The finest known example of Apple’s first ever computer is set to go under the hammer - and it’ll set you back a lot more than a new iPhone.
Despite being manufactured in 1976, The Apple-1, complete with original documents and even records of telephone calls with company founders Steve Wozniak and Steve Jobs, is expected to fetch up to £262,000 at auction.
It is one of only eight working examples left in the world still showing the roots of the technology giant today.
The Apple-1 was designed and built by hand by Wozniak in Silicon Valley.
He began marketing it along with Steve Jobs through the electronics chain Byte Shop in 1976, after the retailer bought the first 50 units.
In total, only 200 examples of the Apple-1 were ever made. They originally went on sale for £545, (US $666.66) as Wozniak liked repeating numbers.
Despite it being the first PC ever that was ready to use with monitor and keyboard access, it was actually delivered as just the motherboard. This meant users had to get hold of a power pack, keyboard, monitor, and cassette recorder of their own.
This example comes complete with the necessary equipment to make it work, as well as proof of telephone correspondence with Wozniak and Jobs.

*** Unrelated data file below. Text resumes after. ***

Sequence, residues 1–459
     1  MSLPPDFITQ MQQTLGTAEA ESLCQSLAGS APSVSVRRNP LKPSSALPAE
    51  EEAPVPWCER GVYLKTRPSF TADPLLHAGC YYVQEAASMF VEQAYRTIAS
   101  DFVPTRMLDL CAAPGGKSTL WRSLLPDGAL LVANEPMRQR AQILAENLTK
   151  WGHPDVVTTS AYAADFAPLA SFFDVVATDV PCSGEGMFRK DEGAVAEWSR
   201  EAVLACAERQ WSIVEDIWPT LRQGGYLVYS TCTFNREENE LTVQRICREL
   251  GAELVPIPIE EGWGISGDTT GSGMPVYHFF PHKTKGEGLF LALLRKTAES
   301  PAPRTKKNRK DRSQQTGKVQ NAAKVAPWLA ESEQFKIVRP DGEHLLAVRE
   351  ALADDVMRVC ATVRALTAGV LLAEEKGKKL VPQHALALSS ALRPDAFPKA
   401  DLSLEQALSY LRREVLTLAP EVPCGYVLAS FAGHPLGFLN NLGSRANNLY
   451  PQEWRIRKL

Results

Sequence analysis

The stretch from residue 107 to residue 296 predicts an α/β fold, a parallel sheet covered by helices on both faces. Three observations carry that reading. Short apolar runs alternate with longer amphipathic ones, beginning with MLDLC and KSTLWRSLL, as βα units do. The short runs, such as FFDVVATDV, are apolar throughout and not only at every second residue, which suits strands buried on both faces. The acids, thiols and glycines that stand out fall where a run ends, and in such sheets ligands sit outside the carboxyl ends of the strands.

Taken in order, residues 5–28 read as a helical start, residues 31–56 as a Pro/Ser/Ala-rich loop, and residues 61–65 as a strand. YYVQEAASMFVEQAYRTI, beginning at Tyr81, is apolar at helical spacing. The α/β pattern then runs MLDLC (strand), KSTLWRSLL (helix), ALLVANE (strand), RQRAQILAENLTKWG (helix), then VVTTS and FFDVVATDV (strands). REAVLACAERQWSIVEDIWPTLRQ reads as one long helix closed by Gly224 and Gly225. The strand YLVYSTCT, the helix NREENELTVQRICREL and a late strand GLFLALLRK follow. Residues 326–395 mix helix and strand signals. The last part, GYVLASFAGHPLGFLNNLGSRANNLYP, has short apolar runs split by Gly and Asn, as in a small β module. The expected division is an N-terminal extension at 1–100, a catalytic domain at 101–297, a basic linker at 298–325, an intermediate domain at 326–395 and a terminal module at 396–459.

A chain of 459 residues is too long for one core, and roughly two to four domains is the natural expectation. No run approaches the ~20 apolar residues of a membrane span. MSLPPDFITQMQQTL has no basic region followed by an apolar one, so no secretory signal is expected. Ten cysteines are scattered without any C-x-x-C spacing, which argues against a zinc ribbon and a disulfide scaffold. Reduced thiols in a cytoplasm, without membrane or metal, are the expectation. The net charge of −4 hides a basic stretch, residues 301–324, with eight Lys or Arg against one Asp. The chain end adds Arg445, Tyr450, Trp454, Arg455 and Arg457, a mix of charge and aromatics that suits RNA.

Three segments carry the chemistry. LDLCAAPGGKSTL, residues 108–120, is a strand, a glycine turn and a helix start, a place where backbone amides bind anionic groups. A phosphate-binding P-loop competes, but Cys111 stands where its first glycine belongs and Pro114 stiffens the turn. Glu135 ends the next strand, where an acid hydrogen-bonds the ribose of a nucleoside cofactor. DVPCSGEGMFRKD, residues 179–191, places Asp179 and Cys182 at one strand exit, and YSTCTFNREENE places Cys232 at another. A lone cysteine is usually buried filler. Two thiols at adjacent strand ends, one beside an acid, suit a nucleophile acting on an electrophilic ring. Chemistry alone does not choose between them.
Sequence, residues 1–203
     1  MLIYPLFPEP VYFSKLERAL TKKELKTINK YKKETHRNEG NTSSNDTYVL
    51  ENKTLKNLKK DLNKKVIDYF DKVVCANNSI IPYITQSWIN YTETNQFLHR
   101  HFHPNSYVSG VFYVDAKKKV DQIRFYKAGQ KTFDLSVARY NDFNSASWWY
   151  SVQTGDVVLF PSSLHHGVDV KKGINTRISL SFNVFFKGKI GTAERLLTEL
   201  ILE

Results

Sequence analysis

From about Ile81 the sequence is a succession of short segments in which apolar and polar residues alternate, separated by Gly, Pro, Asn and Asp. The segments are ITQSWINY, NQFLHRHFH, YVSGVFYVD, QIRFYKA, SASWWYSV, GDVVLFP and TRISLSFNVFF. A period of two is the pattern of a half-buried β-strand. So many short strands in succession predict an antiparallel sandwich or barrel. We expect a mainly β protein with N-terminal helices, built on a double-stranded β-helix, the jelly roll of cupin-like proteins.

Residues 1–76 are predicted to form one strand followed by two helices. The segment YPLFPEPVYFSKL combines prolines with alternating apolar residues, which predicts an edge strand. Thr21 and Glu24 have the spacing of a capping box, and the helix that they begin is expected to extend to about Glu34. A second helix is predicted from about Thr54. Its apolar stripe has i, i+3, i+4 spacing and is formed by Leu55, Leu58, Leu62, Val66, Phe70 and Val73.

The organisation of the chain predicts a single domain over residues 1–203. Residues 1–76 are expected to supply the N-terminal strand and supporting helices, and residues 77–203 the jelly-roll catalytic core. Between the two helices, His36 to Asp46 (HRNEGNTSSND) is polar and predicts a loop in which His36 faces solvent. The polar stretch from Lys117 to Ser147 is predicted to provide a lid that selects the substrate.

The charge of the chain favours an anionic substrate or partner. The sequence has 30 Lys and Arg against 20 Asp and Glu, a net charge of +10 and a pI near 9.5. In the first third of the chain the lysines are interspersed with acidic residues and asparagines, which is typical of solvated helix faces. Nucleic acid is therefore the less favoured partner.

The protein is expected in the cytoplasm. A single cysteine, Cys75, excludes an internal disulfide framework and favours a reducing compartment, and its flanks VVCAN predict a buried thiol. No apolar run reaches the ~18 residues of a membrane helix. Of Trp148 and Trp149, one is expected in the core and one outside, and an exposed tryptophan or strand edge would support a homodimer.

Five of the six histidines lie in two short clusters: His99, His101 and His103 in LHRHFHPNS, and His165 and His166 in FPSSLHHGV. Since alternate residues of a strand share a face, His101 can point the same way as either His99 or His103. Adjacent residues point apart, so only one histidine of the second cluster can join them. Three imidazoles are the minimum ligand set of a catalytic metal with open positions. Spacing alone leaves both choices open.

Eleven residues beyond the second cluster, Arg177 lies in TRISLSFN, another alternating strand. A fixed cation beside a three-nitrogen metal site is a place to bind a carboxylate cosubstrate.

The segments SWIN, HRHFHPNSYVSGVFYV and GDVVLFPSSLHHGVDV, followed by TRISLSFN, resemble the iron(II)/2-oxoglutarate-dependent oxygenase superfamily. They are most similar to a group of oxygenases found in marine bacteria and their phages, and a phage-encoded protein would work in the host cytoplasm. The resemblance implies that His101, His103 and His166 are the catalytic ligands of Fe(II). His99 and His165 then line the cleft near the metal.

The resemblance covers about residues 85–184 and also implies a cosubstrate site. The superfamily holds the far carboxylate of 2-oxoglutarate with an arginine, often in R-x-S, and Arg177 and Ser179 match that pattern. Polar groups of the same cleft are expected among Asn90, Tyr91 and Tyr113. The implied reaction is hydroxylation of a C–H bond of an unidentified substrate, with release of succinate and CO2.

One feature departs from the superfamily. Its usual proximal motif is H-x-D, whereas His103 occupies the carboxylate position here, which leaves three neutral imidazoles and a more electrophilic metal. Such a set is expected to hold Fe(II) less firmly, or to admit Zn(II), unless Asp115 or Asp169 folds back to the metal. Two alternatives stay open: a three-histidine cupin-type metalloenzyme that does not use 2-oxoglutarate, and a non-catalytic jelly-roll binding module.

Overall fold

It also contains the original card and the original early 6502 microprocessor in a rare white ceramic design. The card contains the software system Basic, which was only available for Apple-1 at the beginning of 1977.
It was invented at the computer did not originally have an operating system, only a monitor programme to provide an interface between keyboard entry and the monitor.
A spokesperson said: “The Apple-1 is already a legendary highlight of the great, young history of the computer.
“This Apple-1 has the very rare, original NTI sign.
“According to the Apple-1 register, compiled by Mike Willegal, there are only 60 sets still in existence, and a mere eight in working order!
“This model has the serial number 01-0073 and is logged as the fourteenth in the register.
“The lot also comes with the original documents from the computer’s first and only owner, including the receipt for the motherboard and cassette interface dated 30/11/1967, an original letter from Apple Customer Service refusing an upgrade to Apple-II and a record of telephone conversations with Steve Jobs and Steve Wozniak.
“The original Apple-1 manual included still shows the primary logo. The founders chose Isaac Newton as a symbol in recognition of the binary system he was credited with inventing in the 18th century.”
Apple changed their logo in 1977 to the world- famous apple with a bite taken out of it. This was in response to the first advertising campaign run by their client, The Byte Shop, and allowed them to use the slogan: “Byte into an Apple.”
The computer is being auctioned by Auction Team Breker in Cologne, Germany, on March 20.
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